Maurice Suckling

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Maurice Suckling
Maurice Suckling by Thomas Bardwell.jpg
Maurice Suckling, by Thomas Bardwell, 1764
Born 4 May 1726[1]
Barsham, Suffolk
Died July 1778 (aged 52)[2]
Allegiance  Kingdom of Great Britain
Service/branch  Royal Navy
Rank Captain
Battles/wars Seven Years' War

Captain Maurice Suckling (4 May 1726 – 14 July 1778) was a Royal Navy officer and Comptroller of the Navy who was instrumental in the training of his nephew, Horatio Nelson. He sat in the House of Commons from 1776 to 1778.

Early life[edit]

Maurice Suckling was born on 4 May 1726 at the rectory house in Barsham, Suffolk. He was the second of four children to the Reverend Maurice Suckling of Barsham, and Anne Suckling, a niece of Robert Walpole.[3] Reverend Suckling died in 1730 and the family relocated to Beccles. At the age of thirteen Maurice left home for Sheerness where on 25 November 1739 he enlisted as an ordinary seaman aboard the elderly 54-gun warship Newcastle.[3]

Seven Years War[edit]

Suckling was the commander of Dreadnought in action in the Battle of Cap-Français off Saint-Domingue on 21 October 1757.[4]

It was Suckling who was responsible for Nelson's early training.[4] Young Nelson was entered on the books of the newly commissioned Raisonnable, commanded by Suckling, and joined the crew several months later, in early 1771.[4] Suckling was transferred to the Nore guardship and arranged for his nephew to sail to the West Indies in a Hibbert, Purrier and Horton merchantman, the Mary Ann captained by John Rathbone,[5] gaining experience of seamanship and life at sea (he sailed from Medway, Kent, on 25 July 1771 sailing to Jamaica and Tobago, returning to Plymouth on 7 July 1772). Suckling also used his influence to have Nelson appointed to the Carcass for a 1773 expedition in search of the Northwest Passage. Suckling became Comptroller of the Navy [4] in 1775 and was able to speed Nelson's career. He continued to use his influence on Nelson's behalf until his death in 1778.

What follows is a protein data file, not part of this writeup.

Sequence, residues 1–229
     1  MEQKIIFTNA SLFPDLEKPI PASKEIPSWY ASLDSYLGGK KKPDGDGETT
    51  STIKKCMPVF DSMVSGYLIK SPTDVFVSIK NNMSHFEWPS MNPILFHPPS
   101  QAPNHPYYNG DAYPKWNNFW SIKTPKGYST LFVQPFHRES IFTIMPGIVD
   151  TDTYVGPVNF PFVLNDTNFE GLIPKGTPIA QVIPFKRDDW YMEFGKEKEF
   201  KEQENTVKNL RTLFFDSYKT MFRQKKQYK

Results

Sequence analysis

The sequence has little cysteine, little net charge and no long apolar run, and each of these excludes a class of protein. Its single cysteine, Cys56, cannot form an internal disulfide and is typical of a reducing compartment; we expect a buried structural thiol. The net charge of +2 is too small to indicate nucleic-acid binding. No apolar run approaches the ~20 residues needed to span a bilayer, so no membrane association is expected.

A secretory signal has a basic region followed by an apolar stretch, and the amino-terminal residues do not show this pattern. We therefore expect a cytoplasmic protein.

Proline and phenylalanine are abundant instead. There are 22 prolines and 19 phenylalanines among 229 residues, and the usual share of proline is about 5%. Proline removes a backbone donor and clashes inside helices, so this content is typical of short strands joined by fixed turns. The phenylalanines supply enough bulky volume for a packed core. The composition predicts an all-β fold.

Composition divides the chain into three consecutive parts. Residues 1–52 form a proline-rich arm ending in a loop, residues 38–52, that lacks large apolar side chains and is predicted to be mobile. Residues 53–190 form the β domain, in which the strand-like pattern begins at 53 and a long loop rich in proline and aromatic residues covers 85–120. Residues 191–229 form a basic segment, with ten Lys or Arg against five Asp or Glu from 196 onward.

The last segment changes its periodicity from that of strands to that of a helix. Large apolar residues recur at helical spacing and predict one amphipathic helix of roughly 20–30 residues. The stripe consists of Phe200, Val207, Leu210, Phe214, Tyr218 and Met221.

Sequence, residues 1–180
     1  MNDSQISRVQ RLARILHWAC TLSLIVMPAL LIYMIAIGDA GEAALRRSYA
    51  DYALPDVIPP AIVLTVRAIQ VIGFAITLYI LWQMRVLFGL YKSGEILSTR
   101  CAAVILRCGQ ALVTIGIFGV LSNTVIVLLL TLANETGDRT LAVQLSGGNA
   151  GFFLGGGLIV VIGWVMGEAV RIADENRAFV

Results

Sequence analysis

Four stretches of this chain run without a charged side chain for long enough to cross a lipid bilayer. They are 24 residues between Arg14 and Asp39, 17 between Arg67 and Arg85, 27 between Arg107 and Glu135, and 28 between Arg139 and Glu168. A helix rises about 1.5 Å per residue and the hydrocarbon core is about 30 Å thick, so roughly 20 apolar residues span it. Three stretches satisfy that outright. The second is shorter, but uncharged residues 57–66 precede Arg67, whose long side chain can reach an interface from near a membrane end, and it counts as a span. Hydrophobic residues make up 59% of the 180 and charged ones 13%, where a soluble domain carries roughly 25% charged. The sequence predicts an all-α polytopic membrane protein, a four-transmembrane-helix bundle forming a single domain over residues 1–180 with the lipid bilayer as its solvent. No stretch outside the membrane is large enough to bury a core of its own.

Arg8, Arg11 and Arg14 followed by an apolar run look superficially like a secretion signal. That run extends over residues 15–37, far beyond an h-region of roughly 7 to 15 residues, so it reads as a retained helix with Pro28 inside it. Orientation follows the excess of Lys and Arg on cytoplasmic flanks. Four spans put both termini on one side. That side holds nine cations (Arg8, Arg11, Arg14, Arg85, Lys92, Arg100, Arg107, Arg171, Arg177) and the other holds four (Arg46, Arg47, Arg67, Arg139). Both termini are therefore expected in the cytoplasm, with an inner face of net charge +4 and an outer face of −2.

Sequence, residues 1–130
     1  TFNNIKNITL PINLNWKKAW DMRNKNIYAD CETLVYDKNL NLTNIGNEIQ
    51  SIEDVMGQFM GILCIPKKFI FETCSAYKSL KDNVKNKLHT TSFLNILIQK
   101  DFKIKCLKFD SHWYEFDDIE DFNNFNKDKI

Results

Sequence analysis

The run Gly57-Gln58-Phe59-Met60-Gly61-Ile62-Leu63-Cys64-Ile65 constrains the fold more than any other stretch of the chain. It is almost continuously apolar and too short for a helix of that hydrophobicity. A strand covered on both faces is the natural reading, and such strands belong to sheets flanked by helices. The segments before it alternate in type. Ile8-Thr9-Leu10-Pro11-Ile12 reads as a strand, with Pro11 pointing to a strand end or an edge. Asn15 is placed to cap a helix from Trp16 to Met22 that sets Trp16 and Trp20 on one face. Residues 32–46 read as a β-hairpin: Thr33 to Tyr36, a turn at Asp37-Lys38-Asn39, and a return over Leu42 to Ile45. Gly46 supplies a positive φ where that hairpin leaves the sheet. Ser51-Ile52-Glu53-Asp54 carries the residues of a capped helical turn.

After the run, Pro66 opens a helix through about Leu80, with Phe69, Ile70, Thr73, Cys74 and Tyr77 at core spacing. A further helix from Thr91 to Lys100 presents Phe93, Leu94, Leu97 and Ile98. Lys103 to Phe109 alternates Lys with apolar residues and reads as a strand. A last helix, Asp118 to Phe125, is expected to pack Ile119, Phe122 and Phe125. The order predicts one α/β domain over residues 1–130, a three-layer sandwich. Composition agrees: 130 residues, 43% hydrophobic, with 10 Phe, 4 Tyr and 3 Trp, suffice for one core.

Suckling had a brief career in Parliament, presumably with Admiralty support. He was returned unopposed to represent Portsmouth on 18 May 1776, replacing Sir Edward Hawke who had been created Baron Hawke and called to the House of Lords, but there is no record of Suckling having voted or spoken.[6]

Family[edit]

Captain Maurice Suckling's sister was Catherine Suckling (1725–95), wife of Reverend Edmund Nelson. Maurice and Catherine were the great-great grandchildren of the poet Sir John Suckling, and grandnephew and grandniece of the first British Prime Minister Robert Walpole.

Suckling's nephew, Lieutenant Maurice William Suckling (1761–1820), also served with his uncle.

Ancestry[edit]

References[edit]

  1. ^ Laughton, L.G.C.; Anderson, R.C.; Perrin, W.G.; Society for Nautical Research (London, England) (2002). The Mariner's Mirror. 88. Society for Nautical Research. ISSN 0025-3359. Retrieved 2014-12-10. 
  2. ^ Mahan, A.T. (2011). The Life of Nelson: The Embodiment of the Sea Power of Great Britain. 1. Cambridge University Press. p. 21. ISBN 9781108026048. Retrieved 2014-12-10. 
  3. ^ a b Syrett 2013, p. 33
  4. ^ a b c d "National Maritime Museum | Captain Maurice Suckling". nmm.ac.uk. Retrieved 2014-12-10. 
  5. ^ "Joining the Royal Navy". Nelson, Trafalgar and those who served. National Archives. Retrieved 28 July 2015. 
  6. ^ "Suckling, Maurice (1726-78)". History of Parliament. Retrieved 15 August 2016. 

Bibliography[edit]

Parliament of Great Britain
Preceded by
Sir Edward Hawke
Peter Taylor
Member of Parliament for Portsmouth
1776–1778
With: Peter Taylor 1776–1777
Sir William Gordon 1777–1778
Succeeded by
Hon. Robert Monckton
Sir William Gordon
Military offices
Preceded by
Sir Hugh Palliser
Comptroller of the Navy
1775–1778
Succeeded by
Lord Barham